Plato had a very clear notion of God. First, that God is one and is ineffable: he is one, so we do not have to go on to infinity [immensum] in search of causes, for it is true that he is the first cause; he is ineffable, since in human speech there are no words that can express the divine properties. If a man acquired equine nature, he would not be able to transmit to other horses what ha had devised in his human mind. Similarly, philosophers and great thinkers, even if they have a sublime knowledge of God, have no words to express it. Besides, Plato knew that God comprises everything and at the same time exceeds everything, so that there is no kind of miniscule good that God would not possess, nor is there such enormous good that he would not surpass and to which he would not be superior. God pervades all things and never goes outside himself. Even if he is infinite, wherever he is, he is in himself. He produces everything and is prompted by no other reason than his own goodness. For there can exist nothing superior to his goodness that god would seek in creation of the universe; Good is good and produced everything that he made out of his goodness. His goodness is not acquired through application or effort as in the case o human goodness, but is inherent to him and is naturally implanted in his mind. Therefore he did not acquire it by his will or choice. Similarly, the sun enlightens everything with its brightness that it di not acquire, but possesses as something inborn and innate. And all things not only owe their creation to God but also tend toward him as their ultimate goal. Therefore it is no wonder that everything is related to him, since the perfection of all things depends on him. Plato understood and explained in his writings very clearly those aspects of God’s nature that I have just reviewed as well as many other concepts. The same concepts are contained both in holy scripture and in ancient ecclesiastical writers. (Commentary on Aristotle’s Nicomachean Ethics, pp. 136, 137.)

Plato and SocratesThis attribution of divine knowledge to the pagan philosopher may be shocking to some Christians but it was a common opinion. Luther and Calvin believed that the pagan had a natural knowledge of the first table of the Decalogue but lacked a knowledge of the second. As I noted here, Calvin believed that the unbeliever needs to know how to worship God rather than just gain an understanding of God, an understanding that Calvin says they already have.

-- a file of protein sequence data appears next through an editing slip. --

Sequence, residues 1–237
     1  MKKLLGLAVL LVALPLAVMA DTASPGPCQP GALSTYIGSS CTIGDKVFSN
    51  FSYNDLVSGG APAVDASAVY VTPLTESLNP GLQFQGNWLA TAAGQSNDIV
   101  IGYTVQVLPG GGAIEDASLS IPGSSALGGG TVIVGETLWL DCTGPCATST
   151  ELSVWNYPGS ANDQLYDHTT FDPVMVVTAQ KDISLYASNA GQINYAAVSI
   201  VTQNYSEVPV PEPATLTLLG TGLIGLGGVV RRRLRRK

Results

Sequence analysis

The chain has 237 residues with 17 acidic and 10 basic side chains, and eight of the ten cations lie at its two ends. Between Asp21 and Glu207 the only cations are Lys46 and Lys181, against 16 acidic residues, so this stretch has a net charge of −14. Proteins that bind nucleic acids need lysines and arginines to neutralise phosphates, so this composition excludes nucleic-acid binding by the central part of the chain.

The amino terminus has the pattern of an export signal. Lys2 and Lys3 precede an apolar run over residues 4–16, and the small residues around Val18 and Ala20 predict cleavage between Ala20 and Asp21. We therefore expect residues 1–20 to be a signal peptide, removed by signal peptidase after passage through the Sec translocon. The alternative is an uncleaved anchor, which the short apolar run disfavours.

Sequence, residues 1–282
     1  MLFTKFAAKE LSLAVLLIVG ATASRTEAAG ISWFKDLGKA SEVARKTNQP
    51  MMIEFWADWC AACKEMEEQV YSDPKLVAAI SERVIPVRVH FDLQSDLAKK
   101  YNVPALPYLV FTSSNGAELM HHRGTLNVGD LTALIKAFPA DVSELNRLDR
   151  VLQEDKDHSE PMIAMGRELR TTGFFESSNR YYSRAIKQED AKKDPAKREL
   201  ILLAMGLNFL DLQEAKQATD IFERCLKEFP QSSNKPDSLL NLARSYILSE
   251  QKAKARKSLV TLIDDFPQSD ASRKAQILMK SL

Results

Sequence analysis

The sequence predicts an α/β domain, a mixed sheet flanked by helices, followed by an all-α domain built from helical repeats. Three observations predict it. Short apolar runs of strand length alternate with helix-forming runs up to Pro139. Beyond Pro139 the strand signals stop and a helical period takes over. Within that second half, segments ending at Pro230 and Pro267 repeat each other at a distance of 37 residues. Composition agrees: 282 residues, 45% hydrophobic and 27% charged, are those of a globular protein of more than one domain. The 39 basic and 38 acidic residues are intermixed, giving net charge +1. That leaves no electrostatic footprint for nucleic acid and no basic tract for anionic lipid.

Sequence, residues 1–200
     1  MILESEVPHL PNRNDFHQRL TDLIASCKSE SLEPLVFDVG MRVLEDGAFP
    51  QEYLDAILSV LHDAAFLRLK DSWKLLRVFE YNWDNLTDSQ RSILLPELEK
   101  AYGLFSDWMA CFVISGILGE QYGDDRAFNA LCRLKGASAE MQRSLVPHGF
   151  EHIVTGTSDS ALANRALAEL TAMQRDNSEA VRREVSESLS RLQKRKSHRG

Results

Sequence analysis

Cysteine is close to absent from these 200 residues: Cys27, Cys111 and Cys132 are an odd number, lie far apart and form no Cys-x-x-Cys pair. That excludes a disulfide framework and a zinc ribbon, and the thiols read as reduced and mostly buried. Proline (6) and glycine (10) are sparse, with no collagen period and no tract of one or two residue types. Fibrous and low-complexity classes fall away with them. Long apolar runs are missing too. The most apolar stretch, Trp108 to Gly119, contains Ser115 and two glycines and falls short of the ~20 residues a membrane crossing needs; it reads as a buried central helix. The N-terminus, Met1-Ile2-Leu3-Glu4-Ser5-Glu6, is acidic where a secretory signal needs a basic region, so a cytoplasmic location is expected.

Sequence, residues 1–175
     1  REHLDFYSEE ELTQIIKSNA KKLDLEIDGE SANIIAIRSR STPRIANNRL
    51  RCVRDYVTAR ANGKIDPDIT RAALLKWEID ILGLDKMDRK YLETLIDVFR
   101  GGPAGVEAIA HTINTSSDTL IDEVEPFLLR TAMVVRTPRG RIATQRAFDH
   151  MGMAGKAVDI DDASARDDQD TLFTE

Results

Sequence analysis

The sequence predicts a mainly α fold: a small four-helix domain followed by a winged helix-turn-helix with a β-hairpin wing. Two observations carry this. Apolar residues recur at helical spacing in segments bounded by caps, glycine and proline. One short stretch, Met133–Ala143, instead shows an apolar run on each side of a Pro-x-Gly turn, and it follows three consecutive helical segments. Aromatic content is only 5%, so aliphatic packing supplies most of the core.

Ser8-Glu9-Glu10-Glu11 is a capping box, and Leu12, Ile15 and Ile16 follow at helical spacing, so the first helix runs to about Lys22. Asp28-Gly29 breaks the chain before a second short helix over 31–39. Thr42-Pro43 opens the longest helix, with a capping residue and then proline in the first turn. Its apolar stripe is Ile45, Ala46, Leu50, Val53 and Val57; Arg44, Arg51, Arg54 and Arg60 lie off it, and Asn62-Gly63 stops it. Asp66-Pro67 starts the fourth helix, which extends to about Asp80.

Peter Martyr’s perspective on Plato and Aristotle is still very much Medieval. He quotes Boethius and Averroes (whom he calls “the greatest of the Peripatetics”) as well as Augustine as authorities on the doctrine of the Ideas. Yet, he also translates Aristotle from the Greek text and examines phrases and words, demonstrating the philological methods of a new day and time. Plato’s doctrines are useful inasmuch as they reflect the true foundation of all things in the divine mind. Yet, Martyr, once again demonstrating his humanist mentality, does not care for Plato’s ideas beyond the necessity of exemplar causes. He notes, “For even if such Ideas – of one kind or another – really existed, we would not find them useful in our actions.” (ibid., p. 170.) In other words, even if men could have some sort of participation in the divine ideas through contemplation, this sort of knowledge would leave us no closer to the good than the mentally ill. We may only approach the good through acts of virtue and wisdom, and we must abandon Plato for Aristotle when he directs us elsewhere. Thus, Plato’s philosophy is necessary for certain principles of our doctrine of God, but we must lean on Aristotle for our method and pursuit of the common good.

God Provides Knowledge: Heinrich Bullinger on Natural Law

Heinrich BullingerHeinrich Bullinger, the Swiss successor of Zwingli, says that the natural law is an act of the conscience and an innate knowledge of good and evil. This is similar to Thomas Aquinas’s view of the natural law, the conscience is an act and synderesis is a habit of knowledge of the difference between good and evil, the principle which provides the foundation of the law of nature. Yet, where Thomas emphasized the whole faculty of reason and the necessity of virtue, Bullinger places emphasis upon the act of conscience in accusing and excusing the acts of man. This emphasis upon the intellect over the will does not mean that Bullinger de-emphasized or overlooked the role of the desiring faculty or the necessity of virtue in the natural law. He simply attributes the moving of men toward good things to the inspiration of God that comes by means of the conscience. He also attributes the natural law itself to God’s work in men’s souls:

The law of nature is an instruction of the conscience, and, as it were, a certain direction placed by God himself in the mind and hearts of men, to teach them what they have to do and what to eschew. And the conscience, verily, is the knowledge, judgment, and reason of a man, whereby every man in himself, and in his own mind, being made privy to everything that he either hath committed or not committed, doth either condemn or else acquit himself. And this reason proceedeth from God, who both prompteth and writeth his judgments in the hearts and minds of men. Moreover, that which we call nature is the proper disposition or inclination of every thing. But the disposition of mankind being flatly corrupted by sin, as it is blind, so also is it in all points evil and naughty. It knoweth not God, it worshippeth not God, neither doth it love the neighbour; but rather is affected with self-love toward itself, and seeketh still for its own advantage. For which cause the apostle said, “that we by nature are the children of wrath.” Wherefore the law of nature is not called the law of nature, because in the nature and disposition of man there is of or by itself that reason of light exhorting to the best things, and that holy working; but for because God hath imprinted or engraven in our minds some knowledge, and certain general principles of religion, justice, and goodness, which, because they be grafted in us and born together with us, do therefore seem to be naturally in us. (Decades, II.194.)